Training Organizations Respond to New EASA Rules
New European Part FCL flight crew licensing standards defining EC regulations for pilots’ licenses have sent ripples through the training industry, but some companies see an opportunity in the resulting need to “harmonize” the offerings at their various facilities throughout the continent.
The new regulations will allow flight schools to train to a single set of standards for the various countries in Europe, meaning schools will no longer need separate sets of quality manuals, systems and individual approvals for different licenses, including CPL, APPL and MPL. In fact, ATR’s training center in Toulouse has become the first in France to obtain the new FR.ATO.0001 certificate covering the new unified format.
French civil aviation director Florence Rousse praised ATR for its “high degree of responsiveness in order to comply with the new EASA regulations as quickly as possible.
“This first certification in France will no doubt have a very positive effect on the other organizations, with the aim of ensuring full compliance between now and the end of April 2013, the deadline for making the transition to this new regulation,” he said.
Speaking with AIN last week from his company’s London Gatwick Airport training center in the UK, CAE executive vice president Glenn Frederick said he expects his company to complete the transition some time next January.
“This is a great opportunity,” said Frederick. “We have folks in Amsterdam that have one set of programs, we have a similar set in Brussels, in Portugal and in the UK. This will allow us to harmonize; we’ll take the best of all the programs; we’ll make sure that they meet the new EASA requirements but we’ll offer a single, what we think is best-in-class program.”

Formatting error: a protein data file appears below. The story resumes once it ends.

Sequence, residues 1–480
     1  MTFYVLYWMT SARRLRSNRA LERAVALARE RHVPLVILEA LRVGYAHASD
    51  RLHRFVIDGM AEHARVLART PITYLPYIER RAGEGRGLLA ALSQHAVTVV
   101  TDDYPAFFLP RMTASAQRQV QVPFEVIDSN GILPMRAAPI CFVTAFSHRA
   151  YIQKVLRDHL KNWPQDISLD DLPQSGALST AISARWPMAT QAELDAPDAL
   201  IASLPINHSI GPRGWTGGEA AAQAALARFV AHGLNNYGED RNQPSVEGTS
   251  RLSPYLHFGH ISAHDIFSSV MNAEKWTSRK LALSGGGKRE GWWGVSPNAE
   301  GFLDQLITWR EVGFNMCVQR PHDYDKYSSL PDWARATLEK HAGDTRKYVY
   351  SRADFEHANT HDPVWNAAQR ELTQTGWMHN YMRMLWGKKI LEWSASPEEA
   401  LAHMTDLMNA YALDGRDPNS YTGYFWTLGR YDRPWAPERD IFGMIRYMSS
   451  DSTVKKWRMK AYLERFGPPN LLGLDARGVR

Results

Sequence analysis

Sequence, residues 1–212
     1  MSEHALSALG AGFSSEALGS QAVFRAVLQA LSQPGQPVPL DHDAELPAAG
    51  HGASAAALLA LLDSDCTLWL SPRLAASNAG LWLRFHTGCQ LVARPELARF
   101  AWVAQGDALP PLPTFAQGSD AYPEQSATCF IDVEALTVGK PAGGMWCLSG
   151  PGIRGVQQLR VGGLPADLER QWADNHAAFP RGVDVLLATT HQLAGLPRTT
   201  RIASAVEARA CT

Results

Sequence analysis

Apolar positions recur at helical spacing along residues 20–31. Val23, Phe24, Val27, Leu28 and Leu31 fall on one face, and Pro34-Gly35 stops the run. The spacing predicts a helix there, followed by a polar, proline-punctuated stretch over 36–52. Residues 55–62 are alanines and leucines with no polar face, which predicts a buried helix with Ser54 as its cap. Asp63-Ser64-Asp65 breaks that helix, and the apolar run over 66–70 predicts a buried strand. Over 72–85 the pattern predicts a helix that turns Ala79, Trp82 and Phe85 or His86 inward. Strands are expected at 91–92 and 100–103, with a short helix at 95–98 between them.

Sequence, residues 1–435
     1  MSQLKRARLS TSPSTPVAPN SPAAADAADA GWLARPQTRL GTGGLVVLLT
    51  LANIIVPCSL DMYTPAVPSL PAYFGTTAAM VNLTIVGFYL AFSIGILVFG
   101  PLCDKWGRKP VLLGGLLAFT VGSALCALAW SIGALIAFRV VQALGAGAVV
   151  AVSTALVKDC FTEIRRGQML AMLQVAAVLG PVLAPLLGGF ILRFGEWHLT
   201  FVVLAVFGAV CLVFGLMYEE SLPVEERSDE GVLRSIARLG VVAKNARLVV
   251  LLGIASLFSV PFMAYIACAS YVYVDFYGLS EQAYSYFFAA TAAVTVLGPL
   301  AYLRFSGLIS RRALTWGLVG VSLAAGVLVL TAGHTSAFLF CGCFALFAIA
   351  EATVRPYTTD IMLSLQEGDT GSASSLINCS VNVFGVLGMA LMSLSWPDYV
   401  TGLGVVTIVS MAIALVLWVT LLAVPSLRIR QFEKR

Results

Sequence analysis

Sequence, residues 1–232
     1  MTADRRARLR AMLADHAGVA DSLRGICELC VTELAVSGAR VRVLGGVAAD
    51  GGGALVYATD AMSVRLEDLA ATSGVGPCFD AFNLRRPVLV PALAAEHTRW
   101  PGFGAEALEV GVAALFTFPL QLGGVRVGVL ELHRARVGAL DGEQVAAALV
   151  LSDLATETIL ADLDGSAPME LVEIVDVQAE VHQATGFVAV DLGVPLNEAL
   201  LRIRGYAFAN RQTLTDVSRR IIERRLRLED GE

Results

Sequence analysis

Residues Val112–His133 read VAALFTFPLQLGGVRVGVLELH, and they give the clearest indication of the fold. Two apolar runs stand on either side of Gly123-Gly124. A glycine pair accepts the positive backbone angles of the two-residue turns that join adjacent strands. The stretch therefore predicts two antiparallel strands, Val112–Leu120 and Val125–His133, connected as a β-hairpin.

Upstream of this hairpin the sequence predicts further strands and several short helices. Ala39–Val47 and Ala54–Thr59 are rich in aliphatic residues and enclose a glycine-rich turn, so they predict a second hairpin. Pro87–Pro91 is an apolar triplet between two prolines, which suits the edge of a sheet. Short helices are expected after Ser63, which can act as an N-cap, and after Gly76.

Frederick described the cost of the new EASA Part FCL rules as “incidental” compared with the savings the company will glean from its ability to deploy a single training course through its four European campuses.
Through its acquisition of Oxford Aviation Academy in the spring, CAE’s network now encompasses 11 ab initio flying campuses worldwide. “[We’ve taken] the best practices that Oxford had in their program, combined them with lessons we’ve learned from customers around the world as well as put more focus on some of the new regulatory recommendations that are coming forward such as upset recovery training and high-altitude training and set up a best-in-class [offering] that meets the new EASA requirements,” said Frederick.